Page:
To accommodate this there’s some change to what civil engineers and city planners need to do. Engineering algorithms are needed to establish charge points on routes and the optimal ways for cars to be ‘refuelled’.

One paper Smart city planning - Developing an urban charging infrastructure for electric vehicles from 2014 already looked at this kind of development from a planning perspective. The authors introduced an application algorithm and applied it to Amsterdam in the Netherlands where they established a planning area around the city center with an edge of 9km.

For each geographical tile, the authors set an edge length of 100 meters. They could then establish charging stations. The algorithm would select geographical tiles that are optimal for a charging point since it considers all factors like density, traffic, etc.

The paper also established that CP-outlets, rather than CP-stations were further optimal. But to factor in comfort, these charging outlets are then also placed in shaded areas away from the centre. The paper developed a decision support system that was based on extensive real-world data to advise city planners.

This system determined the best locations for charging points based on their utilization. The results showed how these are the optimal locations for charge points within a given area based on expected utilization. It was also worth noting that placing these points at various points of interest could also drive business or influence human movement in cities.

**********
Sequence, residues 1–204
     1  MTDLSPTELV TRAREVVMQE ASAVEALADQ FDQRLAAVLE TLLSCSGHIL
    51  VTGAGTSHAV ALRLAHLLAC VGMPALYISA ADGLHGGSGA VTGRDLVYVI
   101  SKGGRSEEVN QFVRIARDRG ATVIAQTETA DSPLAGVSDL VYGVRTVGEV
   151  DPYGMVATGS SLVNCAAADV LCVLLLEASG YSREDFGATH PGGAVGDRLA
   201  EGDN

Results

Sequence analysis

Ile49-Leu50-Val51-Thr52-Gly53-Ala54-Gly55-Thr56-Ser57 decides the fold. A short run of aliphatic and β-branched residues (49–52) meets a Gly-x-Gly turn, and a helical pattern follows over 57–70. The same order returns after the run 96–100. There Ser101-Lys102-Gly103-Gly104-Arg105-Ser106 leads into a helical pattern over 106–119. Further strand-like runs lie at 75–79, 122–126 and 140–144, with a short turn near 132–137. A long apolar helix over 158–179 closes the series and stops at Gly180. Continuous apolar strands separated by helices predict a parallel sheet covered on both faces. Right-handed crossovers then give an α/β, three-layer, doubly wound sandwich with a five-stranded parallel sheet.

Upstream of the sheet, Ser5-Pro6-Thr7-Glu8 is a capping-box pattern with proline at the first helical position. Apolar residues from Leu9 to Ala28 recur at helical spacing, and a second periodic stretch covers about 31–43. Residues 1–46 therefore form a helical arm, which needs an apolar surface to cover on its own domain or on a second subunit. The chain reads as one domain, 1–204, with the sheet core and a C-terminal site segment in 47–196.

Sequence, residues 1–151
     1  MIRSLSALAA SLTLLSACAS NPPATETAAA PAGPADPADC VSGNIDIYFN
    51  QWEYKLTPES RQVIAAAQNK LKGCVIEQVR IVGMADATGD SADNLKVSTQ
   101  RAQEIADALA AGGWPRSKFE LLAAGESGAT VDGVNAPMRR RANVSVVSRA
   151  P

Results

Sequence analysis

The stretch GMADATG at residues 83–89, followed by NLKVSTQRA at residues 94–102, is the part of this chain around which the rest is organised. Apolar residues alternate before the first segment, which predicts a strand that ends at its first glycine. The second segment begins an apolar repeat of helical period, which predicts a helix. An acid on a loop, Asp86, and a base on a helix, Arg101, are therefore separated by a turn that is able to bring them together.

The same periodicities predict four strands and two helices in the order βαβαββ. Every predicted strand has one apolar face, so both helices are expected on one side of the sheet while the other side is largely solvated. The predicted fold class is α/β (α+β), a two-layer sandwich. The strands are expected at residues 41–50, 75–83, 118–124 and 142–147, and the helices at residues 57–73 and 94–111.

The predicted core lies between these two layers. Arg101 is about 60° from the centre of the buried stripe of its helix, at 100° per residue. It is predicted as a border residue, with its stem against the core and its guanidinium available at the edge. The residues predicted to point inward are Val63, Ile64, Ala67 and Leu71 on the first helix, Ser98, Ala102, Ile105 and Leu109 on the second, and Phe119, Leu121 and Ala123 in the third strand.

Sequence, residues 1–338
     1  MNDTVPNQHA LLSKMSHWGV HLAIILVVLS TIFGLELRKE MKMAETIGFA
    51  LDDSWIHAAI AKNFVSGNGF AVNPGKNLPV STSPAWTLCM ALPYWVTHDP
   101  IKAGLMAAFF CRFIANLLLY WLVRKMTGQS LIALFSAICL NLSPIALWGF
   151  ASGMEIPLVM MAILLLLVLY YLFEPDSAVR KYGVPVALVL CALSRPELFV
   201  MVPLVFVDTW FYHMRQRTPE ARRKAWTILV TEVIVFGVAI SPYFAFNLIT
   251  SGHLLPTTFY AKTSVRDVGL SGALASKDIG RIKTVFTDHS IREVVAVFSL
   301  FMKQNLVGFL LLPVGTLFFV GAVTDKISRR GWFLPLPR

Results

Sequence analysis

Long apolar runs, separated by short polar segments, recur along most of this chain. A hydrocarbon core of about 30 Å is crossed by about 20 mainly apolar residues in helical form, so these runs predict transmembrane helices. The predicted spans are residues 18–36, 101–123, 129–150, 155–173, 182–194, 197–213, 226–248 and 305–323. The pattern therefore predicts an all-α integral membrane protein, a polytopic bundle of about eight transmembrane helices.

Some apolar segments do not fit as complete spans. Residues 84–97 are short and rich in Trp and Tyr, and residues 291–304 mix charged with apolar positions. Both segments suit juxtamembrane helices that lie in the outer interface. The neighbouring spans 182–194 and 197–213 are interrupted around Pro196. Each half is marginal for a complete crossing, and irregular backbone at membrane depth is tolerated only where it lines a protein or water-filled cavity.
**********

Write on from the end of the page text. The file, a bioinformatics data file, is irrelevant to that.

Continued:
The authors found that some types of stores have high influence since people will spend time at the location, while other places like bakeries have low influence. CP points can effectively form part of city planning because they can also look at economic activity and even bolster it.

front view of cockpit showing topview of cityscape in lights
Photo by Austin Neill on Unsplash

Pilots optional

Air automation (within the military) is a definite reality as the expansion of the Sikorsky Matrix system shows. Back in 2019 a technology kit developed by Sikorsky, a Lockheed Martin company, was used to operate a Black Hawk helicopter.

Then it yielded full-authority, fly-by-wire flight controls during the flight for the optionally piloted aircraft. Follow-on flights managed to lead to fully autonomous flight (zero pilots) flights.

In 2022 the engineers behind the initial flight is still being celebrated thanks to Defense Advanced Research Projects Agency (DARPA) Aircrew Labor In-Cockpit Automation System (ALIAS) program.